Alston is critical of the “patently inadequate” steps taken by the UN itself, countries, NGOs and businesses, saying they are “entirely disproportionate to the urgency and magnitude of the threat”. His report to the UN human rights council (HRC) concludes: “Human rights might not survive the coming upheaval.”
Continue reading at: ‘Climate apartheid’: UN expert says human rights may not survive

Monday, June 24, 2019

Opinion | The Greens Are Germany’s Leading Political Party. Wait, What? - The New York Times

As the country took climate change to heart, it was only a matter of time before its politics did too.
HAMBURG, Germany — The emergence of the Green Party as a leading force in German politics is not unlike the flowering of the Serengeti after a rainstorm: What had been mere seeds one minute, hidden but full of potential, sprout overnight, so fast and so fully that it’s hard to remember how things looked before.
After winning a modest 8.9 percent of the votes in the general elections in 2017, the Greens jumped to 20.5 percent in the recent European elections, scoring their best result ever on the national level. Then, in a poll last week, the Greens received 26 percent, topping Angela Merkel’s Christian Democratic Union, which came in at 25 percent, and making the Greens the leading political party. Long considered a left-wing fringe group, the Greens are now in control of Germany’s progressive agenda — a fact that could reshape German politics for decades to come.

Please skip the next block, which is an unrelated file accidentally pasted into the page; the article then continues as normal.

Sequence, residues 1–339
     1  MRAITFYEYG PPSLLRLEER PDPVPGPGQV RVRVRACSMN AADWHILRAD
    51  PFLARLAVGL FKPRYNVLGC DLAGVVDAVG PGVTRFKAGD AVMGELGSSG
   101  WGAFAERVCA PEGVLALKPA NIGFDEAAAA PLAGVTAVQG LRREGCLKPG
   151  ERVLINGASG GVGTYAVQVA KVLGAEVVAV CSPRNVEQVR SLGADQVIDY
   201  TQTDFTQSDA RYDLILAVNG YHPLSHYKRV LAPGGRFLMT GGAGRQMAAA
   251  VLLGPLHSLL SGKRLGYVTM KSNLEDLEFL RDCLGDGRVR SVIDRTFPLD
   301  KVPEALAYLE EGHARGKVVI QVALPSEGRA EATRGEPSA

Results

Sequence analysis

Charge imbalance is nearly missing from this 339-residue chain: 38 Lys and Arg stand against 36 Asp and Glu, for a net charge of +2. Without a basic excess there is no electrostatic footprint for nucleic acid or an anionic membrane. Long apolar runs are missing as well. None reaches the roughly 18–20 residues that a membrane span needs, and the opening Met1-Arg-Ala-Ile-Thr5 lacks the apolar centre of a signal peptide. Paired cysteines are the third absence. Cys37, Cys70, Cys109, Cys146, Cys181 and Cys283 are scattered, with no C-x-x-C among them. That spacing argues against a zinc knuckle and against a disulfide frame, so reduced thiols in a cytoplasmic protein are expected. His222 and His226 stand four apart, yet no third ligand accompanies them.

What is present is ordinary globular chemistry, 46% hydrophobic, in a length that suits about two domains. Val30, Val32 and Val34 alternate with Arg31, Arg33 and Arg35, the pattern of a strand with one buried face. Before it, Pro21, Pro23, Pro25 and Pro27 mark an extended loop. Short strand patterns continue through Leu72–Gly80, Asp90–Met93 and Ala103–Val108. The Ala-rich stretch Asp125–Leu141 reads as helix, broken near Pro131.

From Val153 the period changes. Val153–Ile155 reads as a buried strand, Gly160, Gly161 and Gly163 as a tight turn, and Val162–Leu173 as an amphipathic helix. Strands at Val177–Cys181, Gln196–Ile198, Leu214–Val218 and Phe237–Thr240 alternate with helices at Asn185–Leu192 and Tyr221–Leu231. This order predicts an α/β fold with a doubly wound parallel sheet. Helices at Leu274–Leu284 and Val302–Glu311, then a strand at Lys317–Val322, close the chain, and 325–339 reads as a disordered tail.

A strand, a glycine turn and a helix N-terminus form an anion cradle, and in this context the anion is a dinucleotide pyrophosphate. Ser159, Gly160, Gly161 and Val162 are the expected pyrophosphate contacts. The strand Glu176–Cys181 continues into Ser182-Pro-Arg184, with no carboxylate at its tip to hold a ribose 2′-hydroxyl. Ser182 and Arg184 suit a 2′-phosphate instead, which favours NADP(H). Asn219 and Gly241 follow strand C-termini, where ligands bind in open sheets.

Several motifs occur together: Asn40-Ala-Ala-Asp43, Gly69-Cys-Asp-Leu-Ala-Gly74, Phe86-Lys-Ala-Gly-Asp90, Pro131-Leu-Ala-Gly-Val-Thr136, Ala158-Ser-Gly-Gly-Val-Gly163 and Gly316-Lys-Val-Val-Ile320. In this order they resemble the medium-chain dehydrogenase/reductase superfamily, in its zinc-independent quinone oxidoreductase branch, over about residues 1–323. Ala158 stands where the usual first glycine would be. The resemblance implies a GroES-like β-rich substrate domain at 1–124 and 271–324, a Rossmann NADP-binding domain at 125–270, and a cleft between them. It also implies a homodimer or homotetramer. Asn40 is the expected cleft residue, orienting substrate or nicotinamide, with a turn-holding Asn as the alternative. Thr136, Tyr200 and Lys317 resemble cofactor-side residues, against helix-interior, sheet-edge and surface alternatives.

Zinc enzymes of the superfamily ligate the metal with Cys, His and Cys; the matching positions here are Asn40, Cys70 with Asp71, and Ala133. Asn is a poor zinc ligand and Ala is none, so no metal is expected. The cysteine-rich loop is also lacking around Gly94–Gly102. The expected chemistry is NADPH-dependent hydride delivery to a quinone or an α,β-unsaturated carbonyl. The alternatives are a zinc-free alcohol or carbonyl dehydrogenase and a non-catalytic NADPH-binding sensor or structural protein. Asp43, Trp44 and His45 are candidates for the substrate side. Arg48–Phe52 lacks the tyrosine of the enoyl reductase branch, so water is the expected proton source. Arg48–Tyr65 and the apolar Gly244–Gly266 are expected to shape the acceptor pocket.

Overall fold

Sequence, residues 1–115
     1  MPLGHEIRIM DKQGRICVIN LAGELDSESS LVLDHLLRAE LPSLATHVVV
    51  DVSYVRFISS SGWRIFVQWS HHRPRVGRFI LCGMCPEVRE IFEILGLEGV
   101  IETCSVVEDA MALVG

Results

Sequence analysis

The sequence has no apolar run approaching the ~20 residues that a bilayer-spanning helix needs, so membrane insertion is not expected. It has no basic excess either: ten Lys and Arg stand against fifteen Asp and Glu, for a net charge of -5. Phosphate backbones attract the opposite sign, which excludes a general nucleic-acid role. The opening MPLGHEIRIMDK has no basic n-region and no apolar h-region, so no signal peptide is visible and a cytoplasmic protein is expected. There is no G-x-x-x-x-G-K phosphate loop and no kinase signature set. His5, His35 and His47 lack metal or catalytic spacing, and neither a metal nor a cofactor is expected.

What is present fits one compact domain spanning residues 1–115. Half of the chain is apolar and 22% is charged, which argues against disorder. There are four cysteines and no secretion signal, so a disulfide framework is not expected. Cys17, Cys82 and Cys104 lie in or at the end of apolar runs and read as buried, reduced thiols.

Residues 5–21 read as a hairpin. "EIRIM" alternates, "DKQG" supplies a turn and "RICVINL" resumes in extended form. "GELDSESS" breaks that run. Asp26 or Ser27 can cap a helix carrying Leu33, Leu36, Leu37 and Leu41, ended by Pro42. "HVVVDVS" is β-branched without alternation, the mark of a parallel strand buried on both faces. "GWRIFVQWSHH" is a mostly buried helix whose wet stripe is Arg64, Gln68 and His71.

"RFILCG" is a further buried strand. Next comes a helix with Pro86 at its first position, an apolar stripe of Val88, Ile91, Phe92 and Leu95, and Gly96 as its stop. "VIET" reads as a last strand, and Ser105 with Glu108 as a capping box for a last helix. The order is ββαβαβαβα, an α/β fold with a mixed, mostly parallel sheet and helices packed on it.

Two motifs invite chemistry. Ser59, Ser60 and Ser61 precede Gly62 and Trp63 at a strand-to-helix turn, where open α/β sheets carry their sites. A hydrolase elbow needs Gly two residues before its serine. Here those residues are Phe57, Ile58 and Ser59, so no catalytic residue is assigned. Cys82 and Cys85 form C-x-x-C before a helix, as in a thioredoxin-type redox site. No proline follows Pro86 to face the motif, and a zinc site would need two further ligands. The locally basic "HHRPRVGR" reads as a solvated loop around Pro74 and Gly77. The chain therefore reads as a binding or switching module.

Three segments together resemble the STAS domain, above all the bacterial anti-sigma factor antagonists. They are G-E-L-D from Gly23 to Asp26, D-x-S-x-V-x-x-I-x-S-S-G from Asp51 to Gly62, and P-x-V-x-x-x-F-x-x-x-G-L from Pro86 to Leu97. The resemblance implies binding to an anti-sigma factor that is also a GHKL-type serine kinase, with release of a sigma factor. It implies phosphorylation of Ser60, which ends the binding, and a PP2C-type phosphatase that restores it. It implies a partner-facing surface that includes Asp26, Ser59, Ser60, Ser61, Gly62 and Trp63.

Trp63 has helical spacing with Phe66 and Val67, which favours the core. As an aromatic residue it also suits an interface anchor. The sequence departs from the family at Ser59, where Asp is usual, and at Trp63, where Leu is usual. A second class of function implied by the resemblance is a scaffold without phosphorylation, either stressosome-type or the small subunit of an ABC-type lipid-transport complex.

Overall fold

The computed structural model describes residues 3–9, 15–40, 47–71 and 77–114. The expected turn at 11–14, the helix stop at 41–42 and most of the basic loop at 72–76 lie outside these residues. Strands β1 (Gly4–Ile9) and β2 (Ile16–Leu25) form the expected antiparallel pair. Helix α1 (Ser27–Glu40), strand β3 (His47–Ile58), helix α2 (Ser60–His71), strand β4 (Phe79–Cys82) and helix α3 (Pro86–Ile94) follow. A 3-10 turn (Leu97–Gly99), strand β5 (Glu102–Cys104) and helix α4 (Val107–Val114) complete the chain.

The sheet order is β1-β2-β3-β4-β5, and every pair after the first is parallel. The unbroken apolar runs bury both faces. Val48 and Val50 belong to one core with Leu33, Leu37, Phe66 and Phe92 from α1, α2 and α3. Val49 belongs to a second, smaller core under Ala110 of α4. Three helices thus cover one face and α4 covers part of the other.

The party began as a motley crew of Marxists, ecologists and pacifists. Over time, it made its way step by step into the mainstream; Joschka Fischer, who served as foreign minister and vice chancellor, came from the Greens, and helped cement the party within the establishment.
Annalena Baerbock and Robert Habeck, the leaders of the German Green Party.
Annalena Baerbock and Robert Habeck, the leaders of the German Green Party.CreditCreditBernd Von Jutrczenka/Associated Press
But the Greens didn’t sell out; rather, their version of the political avant-garde helped form a new mainstream. German politics were once, and to some extent still are, dominated by old gray men and women. But it is the Greens, almost alone among the country’s political parties, who can speak with authenticity to and for the younger generations; among all but the oldest Germans, they come in first in the polls. The Greens have sprouted because they fit perfectly into a society in which unconventionality has become the norm.
Opinion | The Greens Are Germany’s Leading Political Party. Wait, What? - The New York Times

Europe Awaits Record-Smashing June Heat Wave | The Weather Channel

A heat wave this week could produce all-time record highs at multiple European cities. This heat wave – which will be unusually strong for so early in the summer – will gin up some of the hottest June temperatures ever recorded in western and northern Europe.

At a Glance:

  • The upper-level pattern will allow heat to build across Europe in the week ahead.
  • A heat wave is expected in western and northern Europe.